Finding little moments of humour and joy has been a saving grace during the past year or so of on-and-(slightly)off lockdown. For Joe Goicoechea, founder of London-based independent publishing house Loose, one of these particular instances came on 20th April during the first lockdown, when he saw former prime minister and national disgrace Tony Blair appeared on BBC News. As Blair began to speak, the video stream’s connection began to crack and his face melted into a series of demonic expressions. Quick on the draw, Goicoechea snapped these images on his phone and has now translated them into a brand new zine titled Faces of Evil. Below, he tells us how Blair’s buffering, mutilated face perfectly reflects the times we’re living in.
“It was the early days (or at least it feels like it now) of the first lockdown and I was still in the stage where the news would be on in the background most of the day. That day’s big scoop was an interview with Britain’s most-loved war-criminal Tony Blair. I was kind of half taking notice of the TV and when I looked up the wi-fi was breaking up the quality of his Zoom call. It looked mad. Sinister at times but also kind of funny (to me at least). I quickly grabbed my phone and started taking pictures.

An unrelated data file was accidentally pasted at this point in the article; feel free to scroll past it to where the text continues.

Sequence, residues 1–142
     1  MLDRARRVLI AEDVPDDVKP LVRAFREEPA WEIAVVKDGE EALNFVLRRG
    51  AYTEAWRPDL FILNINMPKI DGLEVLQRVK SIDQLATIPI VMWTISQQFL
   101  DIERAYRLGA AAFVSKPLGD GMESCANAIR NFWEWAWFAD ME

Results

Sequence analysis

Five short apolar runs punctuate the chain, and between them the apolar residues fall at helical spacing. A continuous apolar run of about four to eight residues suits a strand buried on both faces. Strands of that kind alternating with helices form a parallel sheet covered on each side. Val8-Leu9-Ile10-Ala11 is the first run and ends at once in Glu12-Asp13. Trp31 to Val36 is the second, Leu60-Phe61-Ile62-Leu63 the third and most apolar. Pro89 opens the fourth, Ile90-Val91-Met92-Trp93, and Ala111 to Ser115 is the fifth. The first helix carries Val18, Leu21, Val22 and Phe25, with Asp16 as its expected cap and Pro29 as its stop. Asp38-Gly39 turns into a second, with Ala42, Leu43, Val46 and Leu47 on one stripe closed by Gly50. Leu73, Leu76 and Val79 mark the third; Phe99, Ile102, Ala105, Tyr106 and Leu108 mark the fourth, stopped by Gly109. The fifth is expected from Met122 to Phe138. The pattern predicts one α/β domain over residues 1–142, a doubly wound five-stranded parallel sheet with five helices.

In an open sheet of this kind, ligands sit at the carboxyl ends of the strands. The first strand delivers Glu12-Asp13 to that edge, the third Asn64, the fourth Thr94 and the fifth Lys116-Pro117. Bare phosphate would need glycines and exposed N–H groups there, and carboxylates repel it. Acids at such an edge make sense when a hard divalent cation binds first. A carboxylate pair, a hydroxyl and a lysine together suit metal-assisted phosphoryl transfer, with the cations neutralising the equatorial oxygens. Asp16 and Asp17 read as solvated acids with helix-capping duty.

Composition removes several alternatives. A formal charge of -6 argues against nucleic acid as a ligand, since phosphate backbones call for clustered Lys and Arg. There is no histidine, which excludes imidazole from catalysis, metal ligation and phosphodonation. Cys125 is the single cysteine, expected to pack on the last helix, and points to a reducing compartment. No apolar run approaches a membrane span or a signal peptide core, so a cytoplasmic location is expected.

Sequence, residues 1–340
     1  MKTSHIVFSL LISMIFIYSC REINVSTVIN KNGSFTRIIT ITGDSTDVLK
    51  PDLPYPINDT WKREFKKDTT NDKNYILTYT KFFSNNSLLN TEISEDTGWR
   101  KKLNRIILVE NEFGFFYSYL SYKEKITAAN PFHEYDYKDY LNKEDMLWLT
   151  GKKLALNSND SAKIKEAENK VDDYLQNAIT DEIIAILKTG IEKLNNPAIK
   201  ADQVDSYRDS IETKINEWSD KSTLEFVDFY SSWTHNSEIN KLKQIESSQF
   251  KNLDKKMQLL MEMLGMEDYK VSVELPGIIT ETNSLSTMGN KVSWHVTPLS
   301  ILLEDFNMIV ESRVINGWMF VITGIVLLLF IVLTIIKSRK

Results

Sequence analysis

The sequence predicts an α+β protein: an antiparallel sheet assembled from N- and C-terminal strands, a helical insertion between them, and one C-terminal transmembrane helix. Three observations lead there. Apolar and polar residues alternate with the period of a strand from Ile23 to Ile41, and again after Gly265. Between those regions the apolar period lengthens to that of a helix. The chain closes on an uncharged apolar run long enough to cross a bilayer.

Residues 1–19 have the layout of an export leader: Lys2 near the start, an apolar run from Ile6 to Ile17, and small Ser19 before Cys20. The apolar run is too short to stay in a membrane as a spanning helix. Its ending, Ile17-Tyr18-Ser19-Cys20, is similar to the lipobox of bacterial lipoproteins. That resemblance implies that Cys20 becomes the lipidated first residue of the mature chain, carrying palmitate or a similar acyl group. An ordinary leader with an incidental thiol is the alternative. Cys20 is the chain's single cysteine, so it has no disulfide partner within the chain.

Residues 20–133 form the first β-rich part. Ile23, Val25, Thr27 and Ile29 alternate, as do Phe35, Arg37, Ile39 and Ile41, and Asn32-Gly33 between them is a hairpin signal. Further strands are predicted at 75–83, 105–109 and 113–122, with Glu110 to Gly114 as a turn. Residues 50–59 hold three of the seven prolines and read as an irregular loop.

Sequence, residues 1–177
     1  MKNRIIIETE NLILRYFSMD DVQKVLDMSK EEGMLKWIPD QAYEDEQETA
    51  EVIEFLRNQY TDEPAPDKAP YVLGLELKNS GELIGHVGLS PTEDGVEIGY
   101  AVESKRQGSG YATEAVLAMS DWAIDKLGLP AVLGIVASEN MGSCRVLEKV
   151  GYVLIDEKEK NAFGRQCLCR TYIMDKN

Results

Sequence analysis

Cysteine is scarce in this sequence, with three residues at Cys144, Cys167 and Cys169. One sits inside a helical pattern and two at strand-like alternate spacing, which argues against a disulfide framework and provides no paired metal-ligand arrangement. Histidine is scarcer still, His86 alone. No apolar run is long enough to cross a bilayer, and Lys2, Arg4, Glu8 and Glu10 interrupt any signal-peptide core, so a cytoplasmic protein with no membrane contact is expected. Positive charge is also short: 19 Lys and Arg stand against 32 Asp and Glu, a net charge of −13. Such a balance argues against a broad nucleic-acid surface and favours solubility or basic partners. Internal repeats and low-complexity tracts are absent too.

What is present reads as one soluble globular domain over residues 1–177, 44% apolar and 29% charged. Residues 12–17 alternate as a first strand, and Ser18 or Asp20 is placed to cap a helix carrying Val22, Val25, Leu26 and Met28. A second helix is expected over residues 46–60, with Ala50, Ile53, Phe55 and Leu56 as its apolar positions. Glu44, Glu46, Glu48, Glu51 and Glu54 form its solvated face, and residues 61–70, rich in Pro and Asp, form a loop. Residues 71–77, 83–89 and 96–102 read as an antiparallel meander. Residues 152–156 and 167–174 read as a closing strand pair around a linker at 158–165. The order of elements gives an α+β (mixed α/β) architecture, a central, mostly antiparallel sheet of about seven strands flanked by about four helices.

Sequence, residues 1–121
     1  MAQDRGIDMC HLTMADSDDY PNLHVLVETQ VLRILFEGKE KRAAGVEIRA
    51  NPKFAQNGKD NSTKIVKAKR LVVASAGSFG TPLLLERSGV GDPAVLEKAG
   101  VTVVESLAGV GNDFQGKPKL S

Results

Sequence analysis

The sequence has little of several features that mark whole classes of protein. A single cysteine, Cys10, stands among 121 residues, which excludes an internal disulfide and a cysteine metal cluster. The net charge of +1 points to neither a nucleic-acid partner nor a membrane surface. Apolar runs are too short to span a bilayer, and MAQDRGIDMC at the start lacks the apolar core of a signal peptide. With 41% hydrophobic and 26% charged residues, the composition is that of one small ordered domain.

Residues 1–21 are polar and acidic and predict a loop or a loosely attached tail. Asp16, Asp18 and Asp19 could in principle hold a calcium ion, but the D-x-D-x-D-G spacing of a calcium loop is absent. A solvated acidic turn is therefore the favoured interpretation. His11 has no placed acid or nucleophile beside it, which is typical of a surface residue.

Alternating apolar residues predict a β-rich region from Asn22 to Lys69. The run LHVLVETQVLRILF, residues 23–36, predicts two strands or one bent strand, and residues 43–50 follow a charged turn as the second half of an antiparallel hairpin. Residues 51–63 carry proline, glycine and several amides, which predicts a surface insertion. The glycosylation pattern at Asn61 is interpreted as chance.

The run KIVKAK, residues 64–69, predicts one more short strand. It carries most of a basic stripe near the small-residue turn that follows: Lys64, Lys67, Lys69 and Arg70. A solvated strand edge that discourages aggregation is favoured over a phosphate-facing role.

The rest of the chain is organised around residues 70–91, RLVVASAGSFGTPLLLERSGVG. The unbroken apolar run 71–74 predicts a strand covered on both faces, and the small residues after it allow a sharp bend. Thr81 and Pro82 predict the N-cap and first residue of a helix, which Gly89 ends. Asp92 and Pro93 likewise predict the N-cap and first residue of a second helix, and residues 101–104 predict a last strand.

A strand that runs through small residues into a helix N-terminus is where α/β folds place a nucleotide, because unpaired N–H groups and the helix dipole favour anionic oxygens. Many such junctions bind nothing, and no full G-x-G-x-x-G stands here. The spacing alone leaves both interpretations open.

The result is what’s printed in the zine. I like the series for the obvious sinister image they’ve created of a politician I don’t care for that much. But the other reason I like the series is that I think it’s a snapshot of the times we’re living in and the constant Zoom call shite we all put up with. I think whether it’s Tony Blair or your own work call, there’s probably something in the images we’ve all felt familiar with this past year.”